“If not there is always the champagne to drown our sorrows.”
According to Fran, the charities themselves are chosen according to their needs and the Club’s ability to assist them.
“If we can’t we try to refer them to someone who can,” adds Fran.
“We have a historical association with many of the charities who have come to rely on our support over the years and support many of these on a monthly basis,” she says.
Enough funds are kept in reserve for emergency needs or for a charity that requires urgent help, and the Club always check that the money donated has been used accordingly, says Fran.
“We visit the charities monthly so are very aware of their huge needs and how the money is spent,” she says.
The support may not always be of a monetary nature, as the Club utilises the skills of its members to help the charities in several ways, including as physiotherapists, nurses, teachers and accountants, who volunteer their expertise to many of the organisations.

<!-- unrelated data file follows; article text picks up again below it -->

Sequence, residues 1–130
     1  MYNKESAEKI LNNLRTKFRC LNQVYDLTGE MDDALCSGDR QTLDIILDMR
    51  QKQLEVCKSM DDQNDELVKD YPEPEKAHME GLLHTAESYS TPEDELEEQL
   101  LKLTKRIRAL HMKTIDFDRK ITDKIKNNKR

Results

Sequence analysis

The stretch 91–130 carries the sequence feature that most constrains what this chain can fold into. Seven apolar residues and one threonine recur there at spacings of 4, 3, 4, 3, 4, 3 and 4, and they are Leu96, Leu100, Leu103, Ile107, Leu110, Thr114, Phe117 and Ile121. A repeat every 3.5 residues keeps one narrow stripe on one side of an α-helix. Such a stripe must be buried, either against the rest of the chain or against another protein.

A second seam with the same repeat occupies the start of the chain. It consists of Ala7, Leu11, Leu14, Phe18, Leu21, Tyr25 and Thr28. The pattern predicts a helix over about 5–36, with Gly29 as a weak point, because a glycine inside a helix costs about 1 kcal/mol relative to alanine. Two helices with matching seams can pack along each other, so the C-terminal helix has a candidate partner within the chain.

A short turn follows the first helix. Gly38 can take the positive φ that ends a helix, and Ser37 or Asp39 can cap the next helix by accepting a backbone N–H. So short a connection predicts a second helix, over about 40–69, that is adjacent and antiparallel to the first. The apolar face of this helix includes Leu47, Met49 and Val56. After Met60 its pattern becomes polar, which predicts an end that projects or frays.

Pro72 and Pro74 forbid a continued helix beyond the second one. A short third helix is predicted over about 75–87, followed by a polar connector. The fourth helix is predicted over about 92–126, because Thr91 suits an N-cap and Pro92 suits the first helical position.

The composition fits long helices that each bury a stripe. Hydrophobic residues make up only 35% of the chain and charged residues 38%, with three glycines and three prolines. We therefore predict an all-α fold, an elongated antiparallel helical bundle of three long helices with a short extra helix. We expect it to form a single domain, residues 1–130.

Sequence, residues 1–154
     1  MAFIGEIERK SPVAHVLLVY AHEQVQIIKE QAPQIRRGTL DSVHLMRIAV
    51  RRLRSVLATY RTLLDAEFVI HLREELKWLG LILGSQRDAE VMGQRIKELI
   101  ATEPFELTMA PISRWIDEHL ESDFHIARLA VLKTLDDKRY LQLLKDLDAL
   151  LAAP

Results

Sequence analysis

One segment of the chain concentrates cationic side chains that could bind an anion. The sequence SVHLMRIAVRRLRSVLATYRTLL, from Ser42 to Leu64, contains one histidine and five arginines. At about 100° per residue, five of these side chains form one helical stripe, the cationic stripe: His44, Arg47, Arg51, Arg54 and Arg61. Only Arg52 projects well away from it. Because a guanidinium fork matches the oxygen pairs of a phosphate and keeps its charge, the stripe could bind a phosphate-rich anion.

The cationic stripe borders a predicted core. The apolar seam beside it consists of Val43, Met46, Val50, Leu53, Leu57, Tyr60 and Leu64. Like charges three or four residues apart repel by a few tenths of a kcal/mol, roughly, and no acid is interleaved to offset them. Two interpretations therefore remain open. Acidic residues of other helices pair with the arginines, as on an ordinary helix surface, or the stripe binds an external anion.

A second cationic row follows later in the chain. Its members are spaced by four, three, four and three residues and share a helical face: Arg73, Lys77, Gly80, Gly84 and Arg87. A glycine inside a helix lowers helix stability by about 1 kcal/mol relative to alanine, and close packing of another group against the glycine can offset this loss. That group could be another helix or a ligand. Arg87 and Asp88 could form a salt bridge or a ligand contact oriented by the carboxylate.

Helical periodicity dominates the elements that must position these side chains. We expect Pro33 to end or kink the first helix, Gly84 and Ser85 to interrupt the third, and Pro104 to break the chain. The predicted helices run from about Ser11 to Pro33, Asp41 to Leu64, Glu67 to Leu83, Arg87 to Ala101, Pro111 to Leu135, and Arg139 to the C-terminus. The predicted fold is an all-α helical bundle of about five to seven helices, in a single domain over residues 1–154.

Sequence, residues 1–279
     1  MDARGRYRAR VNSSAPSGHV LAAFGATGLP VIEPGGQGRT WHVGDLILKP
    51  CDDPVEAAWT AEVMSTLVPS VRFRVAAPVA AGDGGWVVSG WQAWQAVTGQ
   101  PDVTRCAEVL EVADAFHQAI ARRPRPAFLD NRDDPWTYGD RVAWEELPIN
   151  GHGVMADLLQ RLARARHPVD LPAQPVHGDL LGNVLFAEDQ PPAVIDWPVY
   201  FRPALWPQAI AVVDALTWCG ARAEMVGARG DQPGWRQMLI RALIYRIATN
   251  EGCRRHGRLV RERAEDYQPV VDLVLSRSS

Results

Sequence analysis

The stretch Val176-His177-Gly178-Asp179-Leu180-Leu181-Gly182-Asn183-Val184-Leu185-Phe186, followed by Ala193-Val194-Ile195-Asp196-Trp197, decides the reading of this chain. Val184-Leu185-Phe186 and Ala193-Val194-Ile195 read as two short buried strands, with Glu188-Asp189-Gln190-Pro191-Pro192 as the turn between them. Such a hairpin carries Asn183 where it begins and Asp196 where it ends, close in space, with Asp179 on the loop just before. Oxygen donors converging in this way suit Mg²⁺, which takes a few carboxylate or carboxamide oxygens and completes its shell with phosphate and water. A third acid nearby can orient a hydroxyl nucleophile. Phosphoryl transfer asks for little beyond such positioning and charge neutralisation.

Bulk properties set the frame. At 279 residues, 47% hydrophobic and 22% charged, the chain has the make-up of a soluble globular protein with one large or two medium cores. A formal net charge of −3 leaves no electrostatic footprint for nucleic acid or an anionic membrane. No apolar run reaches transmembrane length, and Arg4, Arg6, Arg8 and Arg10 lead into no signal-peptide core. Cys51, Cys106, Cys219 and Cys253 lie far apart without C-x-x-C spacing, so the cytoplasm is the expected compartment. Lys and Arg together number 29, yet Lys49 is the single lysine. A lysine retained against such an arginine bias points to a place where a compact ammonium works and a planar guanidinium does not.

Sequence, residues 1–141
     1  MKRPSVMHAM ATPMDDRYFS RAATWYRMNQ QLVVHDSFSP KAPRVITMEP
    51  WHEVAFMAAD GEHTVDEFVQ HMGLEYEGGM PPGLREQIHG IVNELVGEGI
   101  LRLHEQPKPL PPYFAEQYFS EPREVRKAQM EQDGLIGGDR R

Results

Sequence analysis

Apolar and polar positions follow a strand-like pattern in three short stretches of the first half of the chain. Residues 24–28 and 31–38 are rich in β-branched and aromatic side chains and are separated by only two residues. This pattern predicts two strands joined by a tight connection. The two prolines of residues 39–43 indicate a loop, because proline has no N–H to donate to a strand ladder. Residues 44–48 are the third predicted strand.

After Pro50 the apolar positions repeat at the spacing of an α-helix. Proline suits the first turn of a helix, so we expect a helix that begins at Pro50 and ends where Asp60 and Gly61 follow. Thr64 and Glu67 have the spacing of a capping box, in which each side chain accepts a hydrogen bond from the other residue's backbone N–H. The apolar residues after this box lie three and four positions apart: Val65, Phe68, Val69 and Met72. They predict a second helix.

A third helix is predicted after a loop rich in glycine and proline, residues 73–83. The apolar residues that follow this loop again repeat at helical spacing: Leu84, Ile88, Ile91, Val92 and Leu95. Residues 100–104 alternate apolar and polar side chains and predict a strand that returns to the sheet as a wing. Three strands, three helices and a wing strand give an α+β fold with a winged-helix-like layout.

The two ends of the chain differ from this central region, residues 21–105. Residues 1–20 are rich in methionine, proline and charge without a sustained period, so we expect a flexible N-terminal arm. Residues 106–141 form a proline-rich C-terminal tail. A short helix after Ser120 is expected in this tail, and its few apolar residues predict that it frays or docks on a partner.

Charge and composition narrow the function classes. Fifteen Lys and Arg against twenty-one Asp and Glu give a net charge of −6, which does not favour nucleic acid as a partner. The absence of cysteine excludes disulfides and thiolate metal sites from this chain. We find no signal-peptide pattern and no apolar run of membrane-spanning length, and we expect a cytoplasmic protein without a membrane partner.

“Volunteers provide a valuable assistance to the homes by feeding, visiting, walking the babies, sewing and so on,” adds Fran.
The Club’s fund-raising activities go as far back as 1983, with donations to Ethiopian famine victims but the majority of effort went to supporting the orphaned and abandoned children of the Escola San Jose, Ka Ho, Coloane.
The following year in December, the Club arranged the first Christmas party for the children of the Escola San Jose, now a regular event and a must to attend.
Founded in 1982 by Brenda Histed, the Club consisted namely of CTM wives with the idea of bringing together women from different backgrounds and interests to facilitate friendship and understanding.
Several elements have changed over the years but one has been constant: the main activity then and now is the monthly lunch, held at different venues around town that bring a crowd of members together to catch up and socialise.
The Club is run by a board elected annually by members and new members are recruited though advertising, word of mouth and marketing.